Spotify, a DRM-based music service that allows unlimited streaming of content from a multitude of major and independent record labels, is struggling to make ends meet. Spotify Limited, the UK-based branch of Spotify that runs its music-streaming service throughout Europe, has reported its financial accounts for 2009, and things don't look good, according to Music Ally.

Last year, the music-streaming company enjoyed revenues of £11.32 million, but endured distribution costs of £608,711, cost of sales equal to £18.82 million, and administrative expenses of £8.29 million. The result was an operating loss of £16.4 0million, and a net loss of £16.66 million after taxation.

Just under 40 percent of Spotify's revenues came from advertising while over 60 percent were from user subscriptions. Spotify ended 2009 with around 7 million users in Europe (after starting the year with just 1 million), out of a total of 10 million users. Only around a quarter of a million of them were paying customers.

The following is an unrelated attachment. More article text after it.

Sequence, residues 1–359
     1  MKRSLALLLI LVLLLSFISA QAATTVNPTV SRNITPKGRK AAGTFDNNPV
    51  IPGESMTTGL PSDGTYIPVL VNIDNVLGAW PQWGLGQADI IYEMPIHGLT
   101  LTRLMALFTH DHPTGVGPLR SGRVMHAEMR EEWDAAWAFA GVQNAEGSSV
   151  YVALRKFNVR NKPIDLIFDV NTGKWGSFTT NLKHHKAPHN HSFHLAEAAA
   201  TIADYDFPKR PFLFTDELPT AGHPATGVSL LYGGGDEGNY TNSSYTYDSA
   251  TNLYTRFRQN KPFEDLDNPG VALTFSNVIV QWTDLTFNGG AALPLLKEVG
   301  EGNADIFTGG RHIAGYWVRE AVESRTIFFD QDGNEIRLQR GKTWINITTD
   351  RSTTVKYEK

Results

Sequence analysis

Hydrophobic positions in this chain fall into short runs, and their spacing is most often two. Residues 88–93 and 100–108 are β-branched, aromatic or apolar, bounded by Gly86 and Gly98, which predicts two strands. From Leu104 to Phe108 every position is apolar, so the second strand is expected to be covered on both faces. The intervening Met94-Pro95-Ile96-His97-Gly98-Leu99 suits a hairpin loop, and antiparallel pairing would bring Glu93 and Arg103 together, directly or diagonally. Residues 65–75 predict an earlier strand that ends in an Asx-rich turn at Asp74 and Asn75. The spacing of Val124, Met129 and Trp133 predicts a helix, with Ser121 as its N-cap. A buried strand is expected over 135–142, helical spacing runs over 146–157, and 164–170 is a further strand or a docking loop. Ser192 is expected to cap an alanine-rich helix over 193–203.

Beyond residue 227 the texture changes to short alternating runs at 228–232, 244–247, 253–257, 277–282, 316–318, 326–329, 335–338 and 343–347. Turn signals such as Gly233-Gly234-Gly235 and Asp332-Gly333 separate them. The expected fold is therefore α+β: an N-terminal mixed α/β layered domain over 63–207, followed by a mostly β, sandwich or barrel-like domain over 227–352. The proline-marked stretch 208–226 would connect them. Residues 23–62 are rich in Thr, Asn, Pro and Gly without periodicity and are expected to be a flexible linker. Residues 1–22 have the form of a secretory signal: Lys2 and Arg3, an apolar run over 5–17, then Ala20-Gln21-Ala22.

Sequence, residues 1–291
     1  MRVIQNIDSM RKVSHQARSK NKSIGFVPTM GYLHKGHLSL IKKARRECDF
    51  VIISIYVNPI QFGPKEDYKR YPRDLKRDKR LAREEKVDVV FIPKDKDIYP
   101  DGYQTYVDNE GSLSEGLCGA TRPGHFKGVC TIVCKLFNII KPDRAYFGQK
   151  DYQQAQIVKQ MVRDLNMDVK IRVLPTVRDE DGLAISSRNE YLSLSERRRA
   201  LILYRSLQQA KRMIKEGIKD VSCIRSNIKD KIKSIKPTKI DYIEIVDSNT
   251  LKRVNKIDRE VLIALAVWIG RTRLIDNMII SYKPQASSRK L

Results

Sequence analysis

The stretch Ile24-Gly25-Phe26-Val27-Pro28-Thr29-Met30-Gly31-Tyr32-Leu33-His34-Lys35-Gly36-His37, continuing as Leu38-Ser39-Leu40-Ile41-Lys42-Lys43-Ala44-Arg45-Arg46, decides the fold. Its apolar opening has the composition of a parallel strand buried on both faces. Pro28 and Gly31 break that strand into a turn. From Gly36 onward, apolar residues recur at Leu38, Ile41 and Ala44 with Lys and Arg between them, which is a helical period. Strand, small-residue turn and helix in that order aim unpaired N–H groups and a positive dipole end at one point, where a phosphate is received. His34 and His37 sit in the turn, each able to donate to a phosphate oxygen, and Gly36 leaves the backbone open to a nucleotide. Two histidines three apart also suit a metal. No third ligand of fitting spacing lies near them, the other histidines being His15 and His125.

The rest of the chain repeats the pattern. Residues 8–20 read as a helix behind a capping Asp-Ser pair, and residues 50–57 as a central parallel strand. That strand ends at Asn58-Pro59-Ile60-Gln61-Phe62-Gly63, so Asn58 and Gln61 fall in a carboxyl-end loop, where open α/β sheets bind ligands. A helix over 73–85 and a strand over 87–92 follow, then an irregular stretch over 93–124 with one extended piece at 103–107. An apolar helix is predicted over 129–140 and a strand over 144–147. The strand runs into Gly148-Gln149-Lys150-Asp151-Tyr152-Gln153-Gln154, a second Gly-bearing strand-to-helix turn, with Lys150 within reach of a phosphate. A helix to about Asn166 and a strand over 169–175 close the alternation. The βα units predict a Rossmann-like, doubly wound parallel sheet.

"2009 saw us focus on establishing a new and innovative music service and bringing it to millions of people across Europe," Spotify said in a statement. "The groundwork laid in our launch year has been crucial to the significant achievements made in 2010. Further strengthening and expansion of the service remains our top priority."

Spotify may have Sony, EMI, Warner Music Group, and Universal on board, but that's not enough to keep it profitable. The company's desktop application also allows you to import music from either iTunes or directly from local files. Spotify provides an unlimited platform for streaming on the desktop, but the client holds all its music files locked with the program so you can't move it to your MP3 player (though Spotify apps are available). In other words, it's unlimited streaming within a closed environment.

The service is expected to launch in the US at the end of this year, according to one if its investors, Napster co-founder Sean Parker. The company is in the process of securing additional funding, and if last year's report is anything to go by, it's going to need it before it tries to woo America.